Baker also stepped dangerously toward the "no responsibility" trap when Patrick mentioned that Baker's Harvard-Pilgrim turnaround was assisted by "state aid." Baker denied that the company received any public state money -- and then went further in his post-debate press availability, stridently insisting that the company received "not one dime" from the state.

I'll need to go back through the details -- and I'm sure other reporters, not to mention Patrick staffers, will beat me to it -- but that's surely parsing pretty carefully when you're talking about a company that survived by going into state receivership.

I think that Baker's got to be real careful with this impression being laid out, that he won't concede any chinks in his armor. First of all, people don't much like that in a public figure.

But more importantly, if it takes hold, it could put Baker in a real bind down the road. Because then, any criticism thrown at him about the Weld administration, or Harvard-Pilgrim, or the Swampscot sewer system -- I'm just saying, any mud anyone comes up with to sling at him -- gets to stick, because Baker's defense will be criticized as just another case of refusing to take responsibility.

Ridiculous? Unfair? Let's use the Wayback Machine to drop in on this imagined private moment, circa Summer 2004:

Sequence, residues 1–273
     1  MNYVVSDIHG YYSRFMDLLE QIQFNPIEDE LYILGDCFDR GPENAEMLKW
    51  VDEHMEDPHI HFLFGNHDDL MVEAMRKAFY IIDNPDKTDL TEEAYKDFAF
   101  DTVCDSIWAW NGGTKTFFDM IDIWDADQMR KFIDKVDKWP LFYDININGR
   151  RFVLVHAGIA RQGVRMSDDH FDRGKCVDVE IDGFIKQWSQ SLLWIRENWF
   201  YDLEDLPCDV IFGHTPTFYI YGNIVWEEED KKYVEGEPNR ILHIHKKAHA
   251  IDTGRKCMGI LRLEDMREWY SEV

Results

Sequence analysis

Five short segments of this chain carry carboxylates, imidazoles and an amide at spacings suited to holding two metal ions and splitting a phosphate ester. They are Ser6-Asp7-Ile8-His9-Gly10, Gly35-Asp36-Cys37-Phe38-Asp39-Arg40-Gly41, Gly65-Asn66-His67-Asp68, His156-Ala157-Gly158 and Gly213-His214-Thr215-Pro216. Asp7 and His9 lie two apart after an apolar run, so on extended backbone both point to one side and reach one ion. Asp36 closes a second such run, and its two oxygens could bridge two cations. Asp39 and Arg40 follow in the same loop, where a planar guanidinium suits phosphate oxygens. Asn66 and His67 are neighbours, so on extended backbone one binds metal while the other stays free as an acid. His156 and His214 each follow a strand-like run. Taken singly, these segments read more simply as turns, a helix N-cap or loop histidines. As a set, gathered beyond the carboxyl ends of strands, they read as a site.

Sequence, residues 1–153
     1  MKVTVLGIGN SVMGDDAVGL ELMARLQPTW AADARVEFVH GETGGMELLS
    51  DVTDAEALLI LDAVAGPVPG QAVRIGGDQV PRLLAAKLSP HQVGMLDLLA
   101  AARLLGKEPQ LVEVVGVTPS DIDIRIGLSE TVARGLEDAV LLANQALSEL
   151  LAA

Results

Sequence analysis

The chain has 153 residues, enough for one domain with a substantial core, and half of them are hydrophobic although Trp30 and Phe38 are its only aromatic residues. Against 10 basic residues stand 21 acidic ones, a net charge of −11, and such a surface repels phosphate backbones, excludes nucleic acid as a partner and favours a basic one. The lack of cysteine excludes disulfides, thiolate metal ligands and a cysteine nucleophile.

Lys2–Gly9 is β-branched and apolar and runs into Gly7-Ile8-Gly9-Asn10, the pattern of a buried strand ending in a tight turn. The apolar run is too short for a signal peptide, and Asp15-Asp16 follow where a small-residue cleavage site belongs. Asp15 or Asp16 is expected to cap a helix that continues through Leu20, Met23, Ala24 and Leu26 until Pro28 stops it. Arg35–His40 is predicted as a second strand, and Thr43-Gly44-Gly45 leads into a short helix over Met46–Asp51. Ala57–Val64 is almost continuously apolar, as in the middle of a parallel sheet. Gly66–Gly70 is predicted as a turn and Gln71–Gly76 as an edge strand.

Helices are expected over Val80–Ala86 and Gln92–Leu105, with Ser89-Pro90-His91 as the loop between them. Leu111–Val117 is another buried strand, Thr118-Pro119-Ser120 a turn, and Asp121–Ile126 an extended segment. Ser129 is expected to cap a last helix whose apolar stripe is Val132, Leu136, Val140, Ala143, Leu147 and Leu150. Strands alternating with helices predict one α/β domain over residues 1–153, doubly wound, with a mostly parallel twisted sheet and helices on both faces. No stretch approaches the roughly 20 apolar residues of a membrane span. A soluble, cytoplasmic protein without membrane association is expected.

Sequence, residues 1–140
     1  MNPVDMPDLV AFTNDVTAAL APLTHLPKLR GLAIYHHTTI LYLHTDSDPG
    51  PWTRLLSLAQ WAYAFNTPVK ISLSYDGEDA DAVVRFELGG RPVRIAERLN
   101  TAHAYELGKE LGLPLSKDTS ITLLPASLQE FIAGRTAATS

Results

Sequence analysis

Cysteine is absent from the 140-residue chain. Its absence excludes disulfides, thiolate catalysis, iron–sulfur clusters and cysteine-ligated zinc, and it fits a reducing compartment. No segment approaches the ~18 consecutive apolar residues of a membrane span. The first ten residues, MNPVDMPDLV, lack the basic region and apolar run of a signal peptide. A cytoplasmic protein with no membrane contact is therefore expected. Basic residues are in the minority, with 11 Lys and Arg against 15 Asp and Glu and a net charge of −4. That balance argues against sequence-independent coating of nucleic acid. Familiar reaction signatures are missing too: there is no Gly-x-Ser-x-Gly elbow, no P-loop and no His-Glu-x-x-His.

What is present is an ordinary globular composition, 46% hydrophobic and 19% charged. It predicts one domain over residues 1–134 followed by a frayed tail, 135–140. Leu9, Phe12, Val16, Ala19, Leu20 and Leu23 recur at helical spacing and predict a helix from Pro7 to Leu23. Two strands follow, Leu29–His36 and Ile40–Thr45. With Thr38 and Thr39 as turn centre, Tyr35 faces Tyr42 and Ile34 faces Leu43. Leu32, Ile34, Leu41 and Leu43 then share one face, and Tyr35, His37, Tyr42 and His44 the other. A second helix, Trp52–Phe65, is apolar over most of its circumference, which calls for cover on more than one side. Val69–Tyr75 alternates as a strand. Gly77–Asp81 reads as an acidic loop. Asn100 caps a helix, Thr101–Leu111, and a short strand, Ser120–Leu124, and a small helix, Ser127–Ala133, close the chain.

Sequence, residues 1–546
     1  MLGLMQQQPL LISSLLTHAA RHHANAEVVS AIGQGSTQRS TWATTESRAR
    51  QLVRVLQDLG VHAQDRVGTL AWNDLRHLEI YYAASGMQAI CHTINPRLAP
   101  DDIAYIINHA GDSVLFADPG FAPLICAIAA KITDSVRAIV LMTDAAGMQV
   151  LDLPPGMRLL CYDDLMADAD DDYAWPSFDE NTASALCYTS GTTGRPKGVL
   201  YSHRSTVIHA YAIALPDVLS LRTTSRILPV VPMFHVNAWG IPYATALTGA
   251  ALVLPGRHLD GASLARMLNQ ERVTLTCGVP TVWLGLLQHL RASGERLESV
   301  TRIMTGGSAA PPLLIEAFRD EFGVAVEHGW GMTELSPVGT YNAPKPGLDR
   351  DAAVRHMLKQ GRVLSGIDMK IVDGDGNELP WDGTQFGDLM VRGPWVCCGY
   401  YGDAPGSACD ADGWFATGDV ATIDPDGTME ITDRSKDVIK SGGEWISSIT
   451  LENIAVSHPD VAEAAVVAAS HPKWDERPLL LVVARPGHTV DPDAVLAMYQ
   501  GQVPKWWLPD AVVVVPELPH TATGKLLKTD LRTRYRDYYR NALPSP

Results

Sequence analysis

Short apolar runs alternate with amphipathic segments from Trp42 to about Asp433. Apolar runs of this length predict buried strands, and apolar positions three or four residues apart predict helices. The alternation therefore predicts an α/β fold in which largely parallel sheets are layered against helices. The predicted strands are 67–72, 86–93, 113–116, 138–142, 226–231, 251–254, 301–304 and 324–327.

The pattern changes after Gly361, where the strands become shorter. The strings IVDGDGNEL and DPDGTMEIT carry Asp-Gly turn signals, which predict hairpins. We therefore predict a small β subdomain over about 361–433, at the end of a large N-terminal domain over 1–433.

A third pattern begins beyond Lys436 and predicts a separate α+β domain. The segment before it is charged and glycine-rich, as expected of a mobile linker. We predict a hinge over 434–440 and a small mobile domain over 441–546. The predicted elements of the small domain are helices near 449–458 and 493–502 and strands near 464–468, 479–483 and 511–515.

John Kerry: Flip-flopper? Are you $%&@ kidding me? Yesterday they were saying I had the most consistent liberal record in the Senate, and today they want to paint me as a #%@* flip-flopper? Based on what, one vote? #%$& that, they'll never make that stick.

Sorry about the profanity -- probably something he picked up in Vietnam. Speaking of which:

Kerry: ...And don't worry about this &#^$ about them going after my war record -- if there's one thing the American people won't stand for, it's going after a decorated veteran's service to his country. $@#& Purple Heart, mother-$#&$s.

All's I'm sayin', is that we all know that somewhere in this great Commonwealth there's a mother ready to sob on camera about her permanently paralyzed child who would have been able to walk and talk and play if Harvard Pilgrim hadn't refused to pay for the treatment and surgery she needed when she was three months old. And Baker's opponents are unlikely, for now, to put that story out there, because the public would (rightly, I'd say) see that as an unfair attack, and not really evidence that Charlie Baker hates sick children. (Although I did notice that Patrick attacked Baker's "values" about 800 times last night.)

But if Baker gets effectively tagged as refusing to take responsibility, then you can put that story out there. Then it doesn't look like a random, unfair swipe (even if it still is) -- it looks like another example of Baker refusing to take responsibility for things that happen under his watch.

Anyway, I thought Cahill was last night's winner, and that Baker and Patrick were pretty even -- with Patrick probably getting the edge if Baker's HP 'no state aid' claim ends up getting rapped by the media.

And, as a quick aside, big kudos to Jon Keller for dispensing with the traditional candidate opening and closing statements, which are good but simply too big a time-waste for a one-hour debate (with commercial breaks).